Firms are at risk of “permanently” axing staff unless the government provides clarity over whether it will extend its job retention scheme.
The Confederation of British Industry (CBI) said it is worried companies will be forced to start redundancy procedures this Saturday to comply with the minimum 45-day consultation period.
The government’s scheme will pay 80% of an employee’s monthly pay until 1 June.
The Treasury said the scheme could be extended if necessary.
CBI director general Carolyn Fairbairn told the BBC’s Today programme: “We are very concerned that businesses will be forced into a position potentially of having to make people permanently redundant.”
While she said she expected clarity from the government “this week” about extending the national coronavirus lockdown, Ms Fairbairn said: “What we are saying to government is that firms need to be able to plan.
“These are massive decisions being taken on a day-to-day basis that affect people’s lives and livelihoods, and having that clarity of a 45-day notice period for business is absolutely vital.”
The coronavirus job retention scheme, under which the government pays the majority of a person’s monthly salary up to £2,500, covers wages for March, April and May.
A Treasury spokesperson said: “We’ve been taking unprecedented action at unprecedented speed to support businesses, jobs and our economy during this crisis – including through the Coronavirus Job Retention Scheme.
“The scheme is open for an initial three months and we hope conditions will improve sufficiently during this period. However, the Chancellor has been clear he will review extending it for longer if necessary.”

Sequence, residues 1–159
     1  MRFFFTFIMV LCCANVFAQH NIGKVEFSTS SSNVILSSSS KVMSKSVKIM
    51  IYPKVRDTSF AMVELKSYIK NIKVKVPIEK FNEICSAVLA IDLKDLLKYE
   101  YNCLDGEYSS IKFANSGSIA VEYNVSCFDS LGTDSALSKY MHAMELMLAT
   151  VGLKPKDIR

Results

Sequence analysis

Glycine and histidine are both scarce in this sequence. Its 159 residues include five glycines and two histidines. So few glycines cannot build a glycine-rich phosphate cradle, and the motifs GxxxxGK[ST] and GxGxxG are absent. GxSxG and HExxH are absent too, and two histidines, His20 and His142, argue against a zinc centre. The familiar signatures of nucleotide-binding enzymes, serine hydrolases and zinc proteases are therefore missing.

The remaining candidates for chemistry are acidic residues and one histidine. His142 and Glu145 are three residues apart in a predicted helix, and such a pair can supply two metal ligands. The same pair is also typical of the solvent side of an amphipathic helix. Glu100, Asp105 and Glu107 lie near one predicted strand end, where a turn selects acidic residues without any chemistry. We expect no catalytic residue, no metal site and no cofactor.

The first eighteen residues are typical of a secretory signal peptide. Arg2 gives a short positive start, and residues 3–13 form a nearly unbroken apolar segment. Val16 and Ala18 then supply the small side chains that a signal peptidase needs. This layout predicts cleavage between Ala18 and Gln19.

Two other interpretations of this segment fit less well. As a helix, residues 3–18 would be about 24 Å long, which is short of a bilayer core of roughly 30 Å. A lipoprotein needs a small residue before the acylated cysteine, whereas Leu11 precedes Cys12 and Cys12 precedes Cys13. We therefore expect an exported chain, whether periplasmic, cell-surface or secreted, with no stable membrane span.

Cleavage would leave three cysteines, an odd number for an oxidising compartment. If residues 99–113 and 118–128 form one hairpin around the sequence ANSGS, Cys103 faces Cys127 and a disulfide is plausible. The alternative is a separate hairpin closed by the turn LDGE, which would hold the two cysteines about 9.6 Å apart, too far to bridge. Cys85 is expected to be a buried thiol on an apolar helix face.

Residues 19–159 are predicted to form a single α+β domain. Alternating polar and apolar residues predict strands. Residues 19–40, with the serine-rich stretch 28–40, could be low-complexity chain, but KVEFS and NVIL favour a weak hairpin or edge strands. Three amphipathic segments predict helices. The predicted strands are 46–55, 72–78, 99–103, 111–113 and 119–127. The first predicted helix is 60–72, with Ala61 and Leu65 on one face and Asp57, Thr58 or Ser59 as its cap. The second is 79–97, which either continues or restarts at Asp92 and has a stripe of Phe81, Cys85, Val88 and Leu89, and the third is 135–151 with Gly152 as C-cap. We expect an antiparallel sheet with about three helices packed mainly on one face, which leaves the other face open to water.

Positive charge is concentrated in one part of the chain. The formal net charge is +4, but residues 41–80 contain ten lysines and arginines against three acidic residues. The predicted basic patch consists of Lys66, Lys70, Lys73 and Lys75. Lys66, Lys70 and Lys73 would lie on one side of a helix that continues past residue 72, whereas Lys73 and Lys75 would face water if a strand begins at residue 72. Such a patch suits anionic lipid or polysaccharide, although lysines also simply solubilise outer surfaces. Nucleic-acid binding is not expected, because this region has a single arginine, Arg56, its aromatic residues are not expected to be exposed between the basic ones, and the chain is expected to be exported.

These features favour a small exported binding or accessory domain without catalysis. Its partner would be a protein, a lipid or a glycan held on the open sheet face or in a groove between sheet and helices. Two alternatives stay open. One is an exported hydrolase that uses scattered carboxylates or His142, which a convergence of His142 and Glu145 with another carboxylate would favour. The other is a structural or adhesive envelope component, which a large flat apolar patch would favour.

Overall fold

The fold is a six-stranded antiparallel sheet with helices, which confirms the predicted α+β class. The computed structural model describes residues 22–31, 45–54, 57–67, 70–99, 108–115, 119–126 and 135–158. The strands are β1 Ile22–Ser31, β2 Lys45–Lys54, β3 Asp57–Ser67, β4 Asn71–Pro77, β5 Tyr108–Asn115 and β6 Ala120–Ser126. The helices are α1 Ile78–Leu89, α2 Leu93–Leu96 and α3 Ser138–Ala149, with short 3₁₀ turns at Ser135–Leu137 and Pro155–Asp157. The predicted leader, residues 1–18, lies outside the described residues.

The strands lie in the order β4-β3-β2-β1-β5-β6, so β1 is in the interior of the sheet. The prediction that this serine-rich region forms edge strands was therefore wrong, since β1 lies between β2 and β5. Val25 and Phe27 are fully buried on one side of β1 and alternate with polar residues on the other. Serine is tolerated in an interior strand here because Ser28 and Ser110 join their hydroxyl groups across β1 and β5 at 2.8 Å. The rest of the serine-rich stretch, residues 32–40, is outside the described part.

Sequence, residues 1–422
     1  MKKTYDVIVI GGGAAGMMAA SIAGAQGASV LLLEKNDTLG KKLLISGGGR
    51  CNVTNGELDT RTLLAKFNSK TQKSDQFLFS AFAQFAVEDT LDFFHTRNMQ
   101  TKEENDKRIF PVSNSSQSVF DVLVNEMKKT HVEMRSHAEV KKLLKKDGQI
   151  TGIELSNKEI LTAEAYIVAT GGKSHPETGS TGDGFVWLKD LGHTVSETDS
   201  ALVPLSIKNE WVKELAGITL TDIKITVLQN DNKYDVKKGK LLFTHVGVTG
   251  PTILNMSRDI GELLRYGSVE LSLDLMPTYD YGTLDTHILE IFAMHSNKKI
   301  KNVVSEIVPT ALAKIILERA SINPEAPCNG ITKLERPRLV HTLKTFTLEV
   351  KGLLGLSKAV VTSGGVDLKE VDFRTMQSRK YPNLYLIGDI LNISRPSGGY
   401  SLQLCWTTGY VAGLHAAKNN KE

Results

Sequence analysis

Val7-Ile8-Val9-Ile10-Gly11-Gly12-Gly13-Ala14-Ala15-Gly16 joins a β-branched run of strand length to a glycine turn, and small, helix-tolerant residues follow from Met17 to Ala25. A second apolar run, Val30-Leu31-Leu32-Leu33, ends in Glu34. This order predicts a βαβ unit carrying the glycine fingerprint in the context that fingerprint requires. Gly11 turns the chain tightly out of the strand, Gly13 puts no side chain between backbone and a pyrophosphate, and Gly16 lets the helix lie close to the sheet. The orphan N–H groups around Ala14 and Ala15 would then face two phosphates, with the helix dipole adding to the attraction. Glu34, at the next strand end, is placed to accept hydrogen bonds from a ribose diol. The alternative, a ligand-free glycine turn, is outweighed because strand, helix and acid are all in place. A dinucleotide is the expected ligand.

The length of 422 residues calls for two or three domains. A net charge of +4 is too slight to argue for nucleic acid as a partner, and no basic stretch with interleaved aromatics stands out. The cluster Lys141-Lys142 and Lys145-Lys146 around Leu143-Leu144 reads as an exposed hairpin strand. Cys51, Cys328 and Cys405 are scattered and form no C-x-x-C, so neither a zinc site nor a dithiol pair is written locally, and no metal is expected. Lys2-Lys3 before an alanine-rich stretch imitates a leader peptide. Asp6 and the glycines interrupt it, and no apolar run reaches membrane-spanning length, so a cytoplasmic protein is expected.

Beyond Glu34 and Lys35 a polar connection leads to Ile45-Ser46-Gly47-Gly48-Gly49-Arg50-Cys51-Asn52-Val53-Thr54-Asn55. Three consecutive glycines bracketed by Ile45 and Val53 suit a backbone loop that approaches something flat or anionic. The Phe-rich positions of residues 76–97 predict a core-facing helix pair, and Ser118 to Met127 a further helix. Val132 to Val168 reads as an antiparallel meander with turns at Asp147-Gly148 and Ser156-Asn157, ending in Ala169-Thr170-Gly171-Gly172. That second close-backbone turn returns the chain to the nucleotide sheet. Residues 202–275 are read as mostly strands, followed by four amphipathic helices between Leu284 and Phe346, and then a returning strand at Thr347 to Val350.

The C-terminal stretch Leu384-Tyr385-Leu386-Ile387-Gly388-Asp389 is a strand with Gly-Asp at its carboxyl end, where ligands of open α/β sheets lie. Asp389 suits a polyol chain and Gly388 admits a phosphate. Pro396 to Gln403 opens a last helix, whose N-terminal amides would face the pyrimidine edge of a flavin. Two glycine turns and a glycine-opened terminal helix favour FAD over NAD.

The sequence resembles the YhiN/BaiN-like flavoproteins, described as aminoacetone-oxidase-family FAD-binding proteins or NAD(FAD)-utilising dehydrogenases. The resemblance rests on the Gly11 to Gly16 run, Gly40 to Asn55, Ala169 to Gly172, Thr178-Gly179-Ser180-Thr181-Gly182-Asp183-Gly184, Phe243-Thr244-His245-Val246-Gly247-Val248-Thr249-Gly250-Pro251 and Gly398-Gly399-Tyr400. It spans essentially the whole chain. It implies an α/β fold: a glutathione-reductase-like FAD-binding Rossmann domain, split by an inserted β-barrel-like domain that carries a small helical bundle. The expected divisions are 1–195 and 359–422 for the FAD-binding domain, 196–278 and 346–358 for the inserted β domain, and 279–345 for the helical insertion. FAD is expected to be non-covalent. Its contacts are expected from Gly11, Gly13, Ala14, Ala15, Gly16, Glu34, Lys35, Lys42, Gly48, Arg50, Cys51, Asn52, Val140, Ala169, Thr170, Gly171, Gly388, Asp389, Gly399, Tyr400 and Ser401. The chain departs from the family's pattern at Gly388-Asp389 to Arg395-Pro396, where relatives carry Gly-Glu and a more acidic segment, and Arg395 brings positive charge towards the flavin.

From next Monday, companies will be able to provide data to HMRC of those employees who have been furloughed under the scheme.
Wages are then expected to be in workers’ bank accounts by the end of the month, according to HMRC.
Workers are eligible for the scheme provided that they began in their current employment on or before 28 February.
However, some people who changed jobs around this time have found themselves without any income.
Felicity Williams, age 30, handed in her notice at the Richmond-on-Thames estate agency where she worked on 27 February, with her last day set for 28 March.
“Obviously between those two dates it became apparent that the coronavirus was going to shut things down and there would be some difficulties with me starting my new job on 1 April,” she said.
Although government guidelines state that Ms Williams can go back to her previous employer and ask them to furlough her, she said the company is unwilling to help.
“I’ve been to them four times now and pleaded with them to re-employ me and put me on furlough, just so I’ve got some sort of income coming in, and every time it has been a no,” she said.
Ms Williams said she is also unable to claim universal credit because she lives with her boyfriend, who has savings and an income.
She said: “I have my own bills, I have my own credit cards, my own loans that I need to pay off, and obviously I’ve frozen them for the short term. But it is not going to help me out in terms of paying rent and bills and food.”